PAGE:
Lawsuit Over Trump’s Ties to His Businesses Is Allowed to Advance

WASHINGTON — A lawsuit accusing President Trump of violating the Constitution by refusing to divorce himself from his businesses cleared a critical hurdle Wednesday when a federal judge in refused the Justice Department’s plea to dismiss it.

In a 47-page opinion, Judge Peter J. Messitte rejected the federal government’s claims that the plaintiffs had not shown that they had suffered injuries that a court could address.

The suit, filed by Washington, D.C., and the State of Maryland, accuses Mr. Trump of violating constitutional anticorruption clauses intended to limit his receipt of government-bestowed benefits, or emoluments. The local jurisdictions claim that in hopes of currying presidential favor, government officials are patronizing Trump-owned properties instead of hotels or convention centers that the District of Columbia or Maryland own or have some financial interest in.

Although the case could still be thrown out on other grounds, the judge’s ruling adds to the president’s growing legal troubles.

Besides the continuing criminal inquiry into Russia’s influence over the presidential election, an actress in pornographic films, a former Playboy model and a onetime contestant on “The Apprentice” have filed civil lawsuits over their alleged relationships with Mr. Trump before he became president.

The emoluments case raises basic questions that have never been litigated. Even the specific definition of an emolument is unclear. During a January court hearing, Judge Messitte seemed to acknowledge that the case would ultimately be decided by a higher court than his.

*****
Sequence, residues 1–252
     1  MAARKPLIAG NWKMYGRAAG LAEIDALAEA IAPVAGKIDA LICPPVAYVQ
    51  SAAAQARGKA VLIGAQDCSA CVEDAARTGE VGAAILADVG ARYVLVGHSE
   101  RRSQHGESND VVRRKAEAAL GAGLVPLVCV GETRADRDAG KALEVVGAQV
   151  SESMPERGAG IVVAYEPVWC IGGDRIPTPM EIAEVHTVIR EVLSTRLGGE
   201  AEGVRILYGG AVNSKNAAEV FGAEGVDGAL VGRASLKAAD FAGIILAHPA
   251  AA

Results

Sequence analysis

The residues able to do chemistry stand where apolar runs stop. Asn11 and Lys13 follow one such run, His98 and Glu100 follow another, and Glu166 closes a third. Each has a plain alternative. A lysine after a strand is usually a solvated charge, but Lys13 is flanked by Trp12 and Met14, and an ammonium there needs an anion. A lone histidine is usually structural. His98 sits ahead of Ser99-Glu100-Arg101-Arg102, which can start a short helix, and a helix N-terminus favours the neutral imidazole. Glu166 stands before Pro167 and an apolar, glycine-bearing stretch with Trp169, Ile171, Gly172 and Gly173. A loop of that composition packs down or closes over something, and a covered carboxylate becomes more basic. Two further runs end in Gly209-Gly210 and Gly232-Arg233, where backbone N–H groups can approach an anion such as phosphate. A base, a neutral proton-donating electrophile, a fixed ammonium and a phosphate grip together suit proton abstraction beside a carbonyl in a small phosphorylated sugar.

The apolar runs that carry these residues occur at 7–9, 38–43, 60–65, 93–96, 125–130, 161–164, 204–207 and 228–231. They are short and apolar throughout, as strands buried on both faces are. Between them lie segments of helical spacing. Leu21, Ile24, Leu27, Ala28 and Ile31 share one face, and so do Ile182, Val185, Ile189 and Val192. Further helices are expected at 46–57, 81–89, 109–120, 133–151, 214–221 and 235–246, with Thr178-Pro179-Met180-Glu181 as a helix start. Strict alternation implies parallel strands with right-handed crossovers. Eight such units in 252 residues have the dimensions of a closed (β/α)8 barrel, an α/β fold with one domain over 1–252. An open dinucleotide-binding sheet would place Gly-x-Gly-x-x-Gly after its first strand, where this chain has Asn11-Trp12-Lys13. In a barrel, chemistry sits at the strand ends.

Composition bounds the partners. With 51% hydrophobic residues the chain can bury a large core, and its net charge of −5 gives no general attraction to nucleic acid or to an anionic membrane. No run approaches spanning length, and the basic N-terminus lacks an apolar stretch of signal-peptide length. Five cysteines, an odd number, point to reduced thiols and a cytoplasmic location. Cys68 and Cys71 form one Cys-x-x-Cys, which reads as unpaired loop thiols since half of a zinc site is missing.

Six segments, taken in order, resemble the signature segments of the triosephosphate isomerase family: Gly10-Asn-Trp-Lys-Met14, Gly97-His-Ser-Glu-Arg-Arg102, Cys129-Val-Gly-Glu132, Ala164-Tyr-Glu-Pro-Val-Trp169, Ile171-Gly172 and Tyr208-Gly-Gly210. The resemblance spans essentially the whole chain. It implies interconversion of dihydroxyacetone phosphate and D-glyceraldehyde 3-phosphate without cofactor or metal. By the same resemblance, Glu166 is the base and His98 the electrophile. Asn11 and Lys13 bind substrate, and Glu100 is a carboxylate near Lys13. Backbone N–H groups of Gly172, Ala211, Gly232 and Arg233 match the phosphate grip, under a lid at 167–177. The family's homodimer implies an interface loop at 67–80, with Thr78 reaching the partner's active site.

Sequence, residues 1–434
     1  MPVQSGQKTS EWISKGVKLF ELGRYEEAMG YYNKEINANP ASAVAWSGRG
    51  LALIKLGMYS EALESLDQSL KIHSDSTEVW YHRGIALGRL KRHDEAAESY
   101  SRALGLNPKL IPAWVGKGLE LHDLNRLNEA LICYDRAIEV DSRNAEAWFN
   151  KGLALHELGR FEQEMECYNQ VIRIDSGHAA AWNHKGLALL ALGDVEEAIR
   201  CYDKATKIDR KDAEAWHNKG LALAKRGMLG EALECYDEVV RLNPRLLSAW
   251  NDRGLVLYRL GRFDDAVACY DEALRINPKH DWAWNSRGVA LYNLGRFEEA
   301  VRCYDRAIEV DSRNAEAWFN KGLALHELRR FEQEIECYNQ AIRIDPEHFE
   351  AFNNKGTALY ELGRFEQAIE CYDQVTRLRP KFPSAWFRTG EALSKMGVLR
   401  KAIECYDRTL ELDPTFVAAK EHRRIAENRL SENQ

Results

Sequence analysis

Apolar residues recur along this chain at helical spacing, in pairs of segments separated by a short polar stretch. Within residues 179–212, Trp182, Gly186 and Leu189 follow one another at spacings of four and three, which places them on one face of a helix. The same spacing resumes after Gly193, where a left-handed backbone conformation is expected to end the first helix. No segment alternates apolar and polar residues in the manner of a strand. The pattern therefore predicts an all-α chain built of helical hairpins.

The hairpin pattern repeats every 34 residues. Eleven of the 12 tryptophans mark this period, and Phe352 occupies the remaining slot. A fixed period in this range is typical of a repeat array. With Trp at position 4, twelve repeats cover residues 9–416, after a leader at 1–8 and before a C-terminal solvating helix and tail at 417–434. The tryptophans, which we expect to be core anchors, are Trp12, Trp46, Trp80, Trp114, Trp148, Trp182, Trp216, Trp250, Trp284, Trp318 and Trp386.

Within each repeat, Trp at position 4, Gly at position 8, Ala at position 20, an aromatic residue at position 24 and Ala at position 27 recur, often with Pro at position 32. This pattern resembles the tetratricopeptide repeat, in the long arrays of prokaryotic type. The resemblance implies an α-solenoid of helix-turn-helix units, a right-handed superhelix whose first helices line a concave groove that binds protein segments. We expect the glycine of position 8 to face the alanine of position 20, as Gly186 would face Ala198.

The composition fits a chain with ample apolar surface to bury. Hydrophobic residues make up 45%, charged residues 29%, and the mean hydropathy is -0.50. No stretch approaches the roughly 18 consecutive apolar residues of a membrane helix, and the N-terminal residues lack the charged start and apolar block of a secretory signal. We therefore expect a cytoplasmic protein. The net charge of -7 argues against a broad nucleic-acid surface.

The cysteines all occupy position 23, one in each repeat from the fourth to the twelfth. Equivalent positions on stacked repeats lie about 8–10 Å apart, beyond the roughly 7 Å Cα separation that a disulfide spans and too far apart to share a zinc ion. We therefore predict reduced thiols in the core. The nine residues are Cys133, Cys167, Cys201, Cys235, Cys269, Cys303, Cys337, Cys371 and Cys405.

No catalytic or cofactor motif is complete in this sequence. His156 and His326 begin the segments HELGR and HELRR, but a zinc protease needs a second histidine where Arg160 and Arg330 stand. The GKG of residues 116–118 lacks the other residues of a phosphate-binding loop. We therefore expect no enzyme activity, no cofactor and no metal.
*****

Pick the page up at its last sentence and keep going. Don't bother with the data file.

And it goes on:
Although the president’s critics are hoping that the judge will allow the plaintiffs to scrutinize the Trump Organization’s financial records, perhaps even including the president’s tax returns, it was not clear from Wednesday’s opinion whether the judge would permit such discovery. The next stage of the case is expected to involve arguments about what constitutes an emolument.

Nonetheless, for the plaintiffs, the ruling that they have legal standing to challenge the president’s actions is an important first step in their quest to show that Mr. Trump crossed a constitutional line. “We look forward now to proceeding to address the constitutional issues and demonstrate that the emoluments clauses forbid the things of value that are flowing into the president’s pockets from governments foreign and domestic,” said Norman L. Eisen, the chairman of Citizens for Responsibility and Ethics in Washington, who is serving as a co-counsel in the case.

 

 

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